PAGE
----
Occupational Licensing

Displaced by Hurricane Maria, Fully Trained Massage Therapists Can't Work Because They Lack Licenses

Blocked from jobs because they lack occupational licenses, they're turning to welfare instead.


Alberto Paredes/agefotostock/Newscom

Catalina Olea worked as a massage therapist in Puerto Rico before Hurricane Maria devastated the island in September. The storm blew out the windows of her family's apartment building, forced the spa where she worked to close for repairs, and decimated the island's infrastructure.

Like thousands of other Puerto Ricans, Olea and her husband decided to seek shelter in the mainland United States. In Hartford, Connecticut, where they now live, Olea could earn as much as $50,000 working as a massage therapist in a hotel or spa. She's fully trained, completely competent, and an American citizen.

The only thing she's missing is a permission slip from the State of Connecticut. Unable to work without the proper occupational license, her family is getting by on food stamps.

"We thought opportunities here would be better," Olea tells the Associated Press. "It's a difficult process."

Licensure's barriers to economic opportunity are perhaps never more obvious than when they prevent people like Olea from finding good-paying jobs. Instead of simply going to work, displaced workers end up having to go through expensive and time-consuming classes, pass exams, and pay fees before getting a license. The fee to become a licensed massage therapist in Connecticut is $380, and that can be a high hurdle for someone who has just fled a natural disaster.

Olea is hardly alone. Puerto Ricans displaced by Hurricane Maria are running up against licensing obstacles in states from Florida to New England. Instead of rebuilding their lives, they risk falling into poverty.

Some states are handling the situation better than others. In Florida, for example, Gov. Rick Scott in October ordered the Department of Business and Professional Regulation to waive all licensing fees for Puerto Ricans displaced by Hurricane Maria. "It is crucial that we continue to do all we can to make it easier for these individuals to rebuild their lives and provide for their families," Scott, a Republican, said at the time.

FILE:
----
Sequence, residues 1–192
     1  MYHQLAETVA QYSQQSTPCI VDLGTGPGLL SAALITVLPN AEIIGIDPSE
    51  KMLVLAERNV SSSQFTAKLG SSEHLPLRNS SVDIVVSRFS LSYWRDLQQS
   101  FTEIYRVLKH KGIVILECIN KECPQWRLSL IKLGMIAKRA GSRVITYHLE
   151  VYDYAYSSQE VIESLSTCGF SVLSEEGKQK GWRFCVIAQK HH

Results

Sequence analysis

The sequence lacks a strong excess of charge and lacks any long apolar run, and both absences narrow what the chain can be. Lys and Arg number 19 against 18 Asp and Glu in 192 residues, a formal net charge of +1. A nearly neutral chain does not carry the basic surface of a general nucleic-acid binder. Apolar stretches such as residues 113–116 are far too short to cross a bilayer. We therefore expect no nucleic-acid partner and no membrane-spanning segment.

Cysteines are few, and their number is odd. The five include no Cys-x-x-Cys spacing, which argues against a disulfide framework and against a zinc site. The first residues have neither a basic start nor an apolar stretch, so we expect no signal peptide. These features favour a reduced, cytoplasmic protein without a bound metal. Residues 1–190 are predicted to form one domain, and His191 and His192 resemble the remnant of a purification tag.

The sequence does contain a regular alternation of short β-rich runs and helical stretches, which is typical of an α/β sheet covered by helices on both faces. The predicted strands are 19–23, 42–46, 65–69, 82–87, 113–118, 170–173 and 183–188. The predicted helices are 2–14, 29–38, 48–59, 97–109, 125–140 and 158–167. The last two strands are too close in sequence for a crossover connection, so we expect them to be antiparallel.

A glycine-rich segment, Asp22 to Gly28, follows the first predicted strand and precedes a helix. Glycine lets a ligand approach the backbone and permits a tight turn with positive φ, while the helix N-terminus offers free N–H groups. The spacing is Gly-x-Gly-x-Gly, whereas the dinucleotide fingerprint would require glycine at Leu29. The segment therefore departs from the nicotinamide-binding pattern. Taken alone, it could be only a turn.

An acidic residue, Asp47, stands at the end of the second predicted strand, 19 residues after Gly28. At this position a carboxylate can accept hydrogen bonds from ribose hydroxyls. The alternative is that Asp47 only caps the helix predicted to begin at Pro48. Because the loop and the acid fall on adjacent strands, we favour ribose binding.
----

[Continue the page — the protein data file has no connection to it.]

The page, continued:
Massachusetts has offered to waive the fees associated with teaching licenses for displaced Puerto Ricans. In New Jersey, the AP reports, state senators are mulling a proposal to grant licensing reciprocity to Puerto Ricans—but it's already been nine months since the storm hit, so that doesn't seem to be a priority.

In Connecticut, the mayors of nine major cities sent a joint letter to Gov. Dannel Malloy last month asking for help with the influx of Hurricane Maria evacuees into low-income housing and public schools. One item on their list was a request that the state waive licensing fees, so displaced Puerto Ricans could find work as soon as possible.

Malloy, a Democrat, seems to be throwing up his hands and claiming that he can't do anything to help. His office tells the AP that he does not have authority to make the change himself but he would support legislation to give the Department of Consumer Protection discretion to do so.

The Department of Consumer Protection is part of the executive branch. The boards that regulate occupations in Connecticut—one of the most heavily licensed states in the country, according to the Institute for Justice—are also part of the branch of government that Malloy heads. His deference to the state legislature, while potentially praiseworthy in other settings, seems in this case like a weak excuse for not helping American citizens who have lost everything, who are willing to work, and who only want the state to get out of their way.

And Connecticut, by the way, could use the influx. The state has been losing population for years. It faces a significant budget crisis partly driven by the outflow of residents. Getting more people into the state, into jobs, and away from welfare programs sounds like a win-win.

The only opposition to lowering entry barriers for would-be workers like Olea comes from the people who benefit from licensing boards' protectionism.

"They don't want to recognize it although they've gone through the same education," Yanil Teron, director of the Center for Latino Progress in Hartford, tells the AP. "It's Connecticut protecting I don't know who but they are protecting other communities."

Who is running Connecticut: Malloy, or the special interests behind occupational licensing?